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18 holes with ... Jonathan Ogden

Hall of Fame electee a man of big drives, big appetite

Teddy Greenstein

On Colleges, On Golf

5:26 PM EDT, May 4, 2013

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LAS VEGAS — Jonathan Ogden once lectured a young Tommie Harris during a Ravens-Bears game.

"He was a rookie mouthing off," Ogden recalled. "I said, 'Hey, man, you haven't done anything in the league yet. It's unbecoming.' "

Unbecoming?

Harris nodded. "You're right," he said.

Ogden has an agreeable personality that puts everyone around him at ease. You almost could forget he made a career of turning 300-pound men into dust mites.

Ogden has an extensive vocabulary but won't be verbose when he delivers his Pro Football Hall of Fame enshrinement speech Aug. 3. His plan: "Stick to the script. Be concise. Don't ramble."

Ogden can laugh at himself, saying he's a "mental midget" after leaving birdie putts short on the first two holes at Shadow Creek in Las Vegas.

Yes, he's a 6-foot-9, 350-pound midget who wears 4XL shirts and has a "46ish"-inch waist.

As a boy growing up in Washington, D.C., he was too big for football. His mother didn't let him play because he would have had to line up against kids two years his senior.

As an 11-time Pro Bowl selection, some teammates joked that his head was too big for his helmet.

"My cheeks did puff out a bit," he acknowledged. "Hey, it's not a beauty contest."

Now, even though he's a 6-handicap who effortlessly ripped his first drive 320 yards, Ogden said the game is not kind to large specimens.

"It's hard enough being tall," he said. "It's hard enough being big. You throw them together …"

Ogden lives on a golf course in Henderson, Nev., where the original residential appeal was no state income tax.

Despite my offer to plunk down some chips, we played for nothing but pride.

"You live in this town," he said, "you learn not to gamble. You can't really win."

Our round took place March 27, a little more than a week before Ogden teed it up at the 12th Michael Jordan Celebrity Invitational, which has generated more than $6 million for charities.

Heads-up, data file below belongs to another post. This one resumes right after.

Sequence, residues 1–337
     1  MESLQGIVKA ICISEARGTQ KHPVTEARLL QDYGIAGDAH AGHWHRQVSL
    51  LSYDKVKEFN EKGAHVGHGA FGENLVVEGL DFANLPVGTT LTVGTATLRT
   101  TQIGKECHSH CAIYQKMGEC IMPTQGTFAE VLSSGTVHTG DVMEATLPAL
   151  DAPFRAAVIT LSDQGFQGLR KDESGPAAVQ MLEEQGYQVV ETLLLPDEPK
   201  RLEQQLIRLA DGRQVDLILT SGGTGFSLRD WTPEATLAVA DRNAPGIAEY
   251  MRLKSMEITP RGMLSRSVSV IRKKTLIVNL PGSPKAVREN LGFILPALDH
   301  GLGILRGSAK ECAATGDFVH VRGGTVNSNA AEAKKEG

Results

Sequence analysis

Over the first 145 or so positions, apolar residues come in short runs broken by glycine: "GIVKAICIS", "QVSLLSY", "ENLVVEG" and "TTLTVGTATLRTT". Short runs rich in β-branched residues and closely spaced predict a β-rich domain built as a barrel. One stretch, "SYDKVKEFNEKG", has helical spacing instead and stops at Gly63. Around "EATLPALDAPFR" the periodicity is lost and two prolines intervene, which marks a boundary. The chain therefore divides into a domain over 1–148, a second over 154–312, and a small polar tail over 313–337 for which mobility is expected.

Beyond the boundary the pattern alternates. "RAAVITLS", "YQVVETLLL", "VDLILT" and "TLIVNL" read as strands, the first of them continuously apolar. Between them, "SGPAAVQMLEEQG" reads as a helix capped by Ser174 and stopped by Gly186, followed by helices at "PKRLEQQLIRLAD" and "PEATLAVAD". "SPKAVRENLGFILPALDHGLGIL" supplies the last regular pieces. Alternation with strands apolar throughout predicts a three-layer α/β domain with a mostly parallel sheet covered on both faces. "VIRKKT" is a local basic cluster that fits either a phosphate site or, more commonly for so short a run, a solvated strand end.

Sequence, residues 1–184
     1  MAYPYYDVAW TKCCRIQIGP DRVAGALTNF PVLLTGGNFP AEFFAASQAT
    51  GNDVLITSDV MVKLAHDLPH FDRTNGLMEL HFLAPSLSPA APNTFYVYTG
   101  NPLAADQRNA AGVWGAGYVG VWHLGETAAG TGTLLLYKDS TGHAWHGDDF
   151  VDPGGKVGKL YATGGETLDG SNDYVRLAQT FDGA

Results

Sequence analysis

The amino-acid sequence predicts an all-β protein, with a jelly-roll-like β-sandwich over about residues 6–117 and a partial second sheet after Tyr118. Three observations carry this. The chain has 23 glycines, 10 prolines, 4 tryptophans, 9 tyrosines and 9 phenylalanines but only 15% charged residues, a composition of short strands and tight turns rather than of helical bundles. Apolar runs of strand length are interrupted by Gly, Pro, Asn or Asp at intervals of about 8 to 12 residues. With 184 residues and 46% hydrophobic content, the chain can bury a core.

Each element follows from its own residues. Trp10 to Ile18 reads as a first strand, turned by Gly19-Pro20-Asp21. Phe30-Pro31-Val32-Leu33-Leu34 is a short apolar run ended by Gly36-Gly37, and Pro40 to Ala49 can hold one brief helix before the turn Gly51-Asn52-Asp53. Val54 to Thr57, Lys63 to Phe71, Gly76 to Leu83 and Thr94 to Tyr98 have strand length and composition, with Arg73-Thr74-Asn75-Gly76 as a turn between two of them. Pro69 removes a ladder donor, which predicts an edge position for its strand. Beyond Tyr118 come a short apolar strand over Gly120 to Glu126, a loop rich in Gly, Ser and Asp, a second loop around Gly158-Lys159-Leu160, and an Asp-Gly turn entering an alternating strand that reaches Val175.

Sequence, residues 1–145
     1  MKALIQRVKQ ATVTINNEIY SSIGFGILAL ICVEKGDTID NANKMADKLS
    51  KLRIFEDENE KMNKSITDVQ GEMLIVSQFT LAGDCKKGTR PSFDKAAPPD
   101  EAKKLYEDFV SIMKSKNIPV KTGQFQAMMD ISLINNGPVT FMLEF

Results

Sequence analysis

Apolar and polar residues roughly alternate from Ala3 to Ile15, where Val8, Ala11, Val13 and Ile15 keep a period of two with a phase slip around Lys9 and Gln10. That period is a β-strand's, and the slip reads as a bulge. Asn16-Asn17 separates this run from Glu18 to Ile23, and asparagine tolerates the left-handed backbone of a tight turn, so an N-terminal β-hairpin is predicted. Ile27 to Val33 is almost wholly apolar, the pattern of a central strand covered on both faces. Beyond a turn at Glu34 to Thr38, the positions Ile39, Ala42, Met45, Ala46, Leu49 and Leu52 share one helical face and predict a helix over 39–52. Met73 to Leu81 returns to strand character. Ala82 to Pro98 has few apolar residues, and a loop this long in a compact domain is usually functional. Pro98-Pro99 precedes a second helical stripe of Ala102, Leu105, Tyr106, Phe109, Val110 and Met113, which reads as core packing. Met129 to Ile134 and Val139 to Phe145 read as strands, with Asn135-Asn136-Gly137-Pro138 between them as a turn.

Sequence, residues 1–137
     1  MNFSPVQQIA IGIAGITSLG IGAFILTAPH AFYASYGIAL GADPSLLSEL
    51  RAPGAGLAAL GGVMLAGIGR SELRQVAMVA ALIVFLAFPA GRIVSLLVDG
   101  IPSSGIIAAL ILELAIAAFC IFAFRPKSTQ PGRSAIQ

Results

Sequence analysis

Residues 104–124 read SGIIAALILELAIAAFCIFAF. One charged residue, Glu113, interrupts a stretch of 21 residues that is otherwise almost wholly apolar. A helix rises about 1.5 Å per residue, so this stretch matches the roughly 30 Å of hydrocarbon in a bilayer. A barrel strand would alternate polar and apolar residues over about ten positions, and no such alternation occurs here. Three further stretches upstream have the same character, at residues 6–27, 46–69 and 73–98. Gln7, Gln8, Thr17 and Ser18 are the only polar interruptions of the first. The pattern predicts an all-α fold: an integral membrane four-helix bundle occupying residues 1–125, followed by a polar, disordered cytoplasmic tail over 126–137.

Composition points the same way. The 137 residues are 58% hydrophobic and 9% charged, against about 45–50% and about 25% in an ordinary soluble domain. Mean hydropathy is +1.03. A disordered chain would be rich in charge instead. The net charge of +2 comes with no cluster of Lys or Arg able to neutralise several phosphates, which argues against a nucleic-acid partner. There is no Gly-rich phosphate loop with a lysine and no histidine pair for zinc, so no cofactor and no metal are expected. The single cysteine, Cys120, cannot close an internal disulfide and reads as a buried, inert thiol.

Ogden's career best is a 73, but he played in the Lake Tahoe celebrity event three times and recalled being petrified on the first tee. He said he wished he could have told the spectators, "Look at something else."

His game, he said, is a mix of "some really good shots and some 'where did that come from?' shots."

Or as he later put it: "This is golf. (Stuff) switches up."

Ogden banged one 332 yards on the fourth hole, and he made a nice birdie on No. 5, hitting an 8-iron into the 165-yard hole.

But after hooking a tee shot on the 10th, Ogden said, "I think yoga fatigue is starting to kick in."

His day started with an hour of hot yoga, a concession to this predicament: "I like food; that's my problem."

If he ever stopped caring, Ogden said he would go to the seafood buffet at the Rio and "go to town on shrimp and crab legs with butter — and put butter on top of that."

Like showgirls, Shadow Creek is quintessential Vegas. For years after its 1989 opening, only "whales" (aka huge gamblers) and friends of casino magnate Steve Wynn were permitted to play. Now you need $500 and a key card to one of the MGM Resort Hotels.

Ranked by Golf Digest as America's 29th greatest course and featuring waterfalls, rolling hillsides and more than 200 varieties of trees, Shadow Creek is a marvel that was built for somewhere between $46 million and Bill Gates' net worth.

"The story that gets told," course architect Tom Fazio said, "is that we had an unlimited budget and exceeded it."

While taking care of business in the men's room, you can scan a sheet heralding Tiger Woods' course record of 60, accomplished in 2004. Three years later, Fred Couples matched it. His sheet contains this quote: "Make sure you put this above the urinals next to Tiger's course record."

The record is still safe after Ogden's performance in the Jordan event. He teamed with actor/comedian Rob Riggle ("The Daily Show") in a two-man scramble and finished a collective 9 over par, 20 shots behind winners Ozzie Smith and Vince Coleman.

The culprit had to be a driver head cover of Brian, the dog from "Family Guy." Press Brian and he'll say stuff like "Swing and a miss."

As Ogden put it: "I'm going to blame Brian. He was heckling me all day."

tgreenstein@tribune.com

Twitter @TeddyGreenstein

18 holes with ... Jonathan Ogden

Five-second bio: Rated by the NFL Network as the 72nd-greatest player in NFL history, the Hall of Fame-bound left tackle helped the Ravens triumph in Super Bowl XXXV.

Where: Shadow Creek, Las Vegas (regular tees: 6,626 yards).

Ogden's handicap: 6.

What he shot: 81.

His take on golf: "It's enjoyable, but it's not relaxing."